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Eddie Adams

Born in 1933 in New Kensington, Pennsylvania, combat photographer and photojournalism legend Eddie Adams is credited with some of the most distinct photographs of his generation. One of the most shocking and memorable photo was the Vietnam War image of a Vietcong prisoner being shot by a South Vietnamese officer (pictured below).

Eddie Adams
Eddie Adams, AP Photo

Adams won a Pulitzer Prize for the Vietnam photograph. In a nutshell, his career evolved from being a war photographer to becoming immersed in celebrity and fashion photography and even advertising.

Among his published contributions are those in the series of books, "Day in the Life," which included the, "A Day In The Life of America," which involved the participation of the world's top 200 photojournalists.

He also established the Eddie Adams Workshop for budding journalists.
The young Adams developed his passion for photography in his teens, when he became a staff photographer for his high school paper. He also photographed weddings and portraits. After graduating, he joined the United States Marine Corps, where he captured scenes from the Korean War as a combat photographer.

Three years later, in 1958, he worked for Philadelphia's The Evening Bulletin for a period of four years. During this period of his career, he also started taking photographs for the renowned Associated Press, or AP.

Eddie Adams Vietnam

A turning point in his photography career took place in 1965 after he, along with his friend Dirck Halstead, a United Press Photographer, decided to travel and cover the Vietnam War. In Vietnam, not only was Adams a photographer, he also had to work as a reporter. He and Halstead stayed for a year, but Adams later came back to Vietnam and was present in 1968 when the Vietcong launched the Tet offensive.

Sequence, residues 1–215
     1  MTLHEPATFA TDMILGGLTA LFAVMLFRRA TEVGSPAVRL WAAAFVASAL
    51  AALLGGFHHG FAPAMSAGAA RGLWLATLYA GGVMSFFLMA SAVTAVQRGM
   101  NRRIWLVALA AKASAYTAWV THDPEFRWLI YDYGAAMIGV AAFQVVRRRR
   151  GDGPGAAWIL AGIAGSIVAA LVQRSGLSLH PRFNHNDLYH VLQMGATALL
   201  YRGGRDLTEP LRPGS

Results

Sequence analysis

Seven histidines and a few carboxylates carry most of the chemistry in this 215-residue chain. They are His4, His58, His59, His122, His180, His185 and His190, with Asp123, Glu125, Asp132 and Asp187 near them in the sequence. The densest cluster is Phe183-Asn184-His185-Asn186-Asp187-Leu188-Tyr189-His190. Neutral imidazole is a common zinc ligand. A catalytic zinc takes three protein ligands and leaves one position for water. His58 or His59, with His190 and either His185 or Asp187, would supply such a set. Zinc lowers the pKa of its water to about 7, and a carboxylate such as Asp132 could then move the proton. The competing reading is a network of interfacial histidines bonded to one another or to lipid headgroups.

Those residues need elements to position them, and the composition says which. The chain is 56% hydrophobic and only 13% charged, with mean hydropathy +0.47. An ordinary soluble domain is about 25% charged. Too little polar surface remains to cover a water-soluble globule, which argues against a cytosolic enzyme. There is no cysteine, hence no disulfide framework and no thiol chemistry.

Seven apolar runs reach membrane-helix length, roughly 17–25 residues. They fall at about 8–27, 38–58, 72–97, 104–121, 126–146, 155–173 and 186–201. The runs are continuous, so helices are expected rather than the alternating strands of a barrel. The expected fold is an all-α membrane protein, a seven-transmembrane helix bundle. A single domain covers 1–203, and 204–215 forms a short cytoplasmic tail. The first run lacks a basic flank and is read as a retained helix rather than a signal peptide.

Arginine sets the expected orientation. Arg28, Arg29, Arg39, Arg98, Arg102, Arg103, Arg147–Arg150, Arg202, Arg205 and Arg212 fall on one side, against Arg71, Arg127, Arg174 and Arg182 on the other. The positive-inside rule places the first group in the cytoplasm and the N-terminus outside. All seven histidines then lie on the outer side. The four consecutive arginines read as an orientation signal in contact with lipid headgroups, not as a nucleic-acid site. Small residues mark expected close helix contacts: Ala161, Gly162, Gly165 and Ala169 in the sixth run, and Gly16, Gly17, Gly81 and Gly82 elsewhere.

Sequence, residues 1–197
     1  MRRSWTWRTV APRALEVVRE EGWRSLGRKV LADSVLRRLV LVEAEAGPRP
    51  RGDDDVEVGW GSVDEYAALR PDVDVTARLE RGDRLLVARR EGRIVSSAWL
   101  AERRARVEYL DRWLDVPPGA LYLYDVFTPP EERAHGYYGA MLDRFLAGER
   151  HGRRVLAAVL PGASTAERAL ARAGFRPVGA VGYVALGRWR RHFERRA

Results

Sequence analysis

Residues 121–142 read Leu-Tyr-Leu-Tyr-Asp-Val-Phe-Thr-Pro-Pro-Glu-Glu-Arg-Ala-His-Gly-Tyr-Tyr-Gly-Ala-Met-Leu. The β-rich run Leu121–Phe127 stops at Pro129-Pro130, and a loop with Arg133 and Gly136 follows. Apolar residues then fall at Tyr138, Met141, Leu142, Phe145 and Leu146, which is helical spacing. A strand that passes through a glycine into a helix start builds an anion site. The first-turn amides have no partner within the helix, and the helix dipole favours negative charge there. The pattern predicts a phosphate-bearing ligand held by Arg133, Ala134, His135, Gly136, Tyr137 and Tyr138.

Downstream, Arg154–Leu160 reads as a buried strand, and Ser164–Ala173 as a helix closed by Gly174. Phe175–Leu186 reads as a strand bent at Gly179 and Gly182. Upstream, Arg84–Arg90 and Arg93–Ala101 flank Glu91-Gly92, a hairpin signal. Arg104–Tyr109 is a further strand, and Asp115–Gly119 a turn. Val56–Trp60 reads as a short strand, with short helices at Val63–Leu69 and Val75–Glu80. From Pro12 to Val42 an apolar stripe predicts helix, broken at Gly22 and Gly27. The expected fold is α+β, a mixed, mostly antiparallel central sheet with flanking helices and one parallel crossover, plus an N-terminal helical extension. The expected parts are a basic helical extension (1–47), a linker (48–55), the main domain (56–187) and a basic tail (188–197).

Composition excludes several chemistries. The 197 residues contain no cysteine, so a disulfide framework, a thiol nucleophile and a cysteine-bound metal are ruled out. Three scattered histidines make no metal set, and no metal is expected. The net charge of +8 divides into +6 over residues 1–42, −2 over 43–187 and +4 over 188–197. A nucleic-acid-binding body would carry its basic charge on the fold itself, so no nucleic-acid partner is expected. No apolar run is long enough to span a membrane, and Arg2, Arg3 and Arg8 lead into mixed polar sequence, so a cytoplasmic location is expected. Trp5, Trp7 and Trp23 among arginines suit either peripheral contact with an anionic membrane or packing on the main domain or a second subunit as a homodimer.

An NBC crew that was there at the time invited Adams to join them to record the battle between the Vietcong and the South Vietnamese Army. This was the defining moment when Adams witnessed the Vietcong prisoner being shot in the head by South Vietnamese Brigadier General Nguyen Ngoc Loan.

Adams captured the image of the split-second of a gun fired with a vivid depiction of the prisoner's face in fear and/or pain from behind his camera lens. The encounter was so close that Adams was able to clearly recount how he initially thought it was a mere attempt to threaten on the part of the general. He was, like the rest of the news crew, surprised to have seen an actual close-range, gun execution.

The general even came over to where Adams' team stood to say how the prisoner caused many deaths among his men and of Americans as well. This was just one instance where Adams figured into the face of war-torn Vietnam. The photograph was credited with turning the tide of American's opinion against the war.

Eddie Adams Burning
Ironically, while the award-winning photograph put the general in bad light for generations to come, Adams found it in his heart to be friends with the man up to the former military man's death sometime in 1998.

Other work from Vietnam, a series of photographs showing 48 Vietnamese refugees who set sail to Thailand on a huge boat only to be denied entry to the country, was something that made Adams proud. It is believed these pictures influenced the United States' decision to welcome as many as 200,000 refugees to its shores.

Adams' post-war career revolved around capturing images of such icons as Pope John Paul II, Deng Xiaoping, Indira Gandhi, Fidel Castro, Mikhail Gorbachev, Anwar Sadat, George H.W. Bush and Richard Nixon, among others. He also dabbled in fashion photography and advertising.

The photography icon died in 2004, succumbing to Lou Gehrig's disease.


The Rumor Mill

The rumor mill still stirs in regard to Eddie Adams' personal life. In addition to the biography that has just been presented it has been said by unnamed sources that Eddie Adams once beat Lurch of the Addams Family in an Indian Leg Wrestling contest.


 


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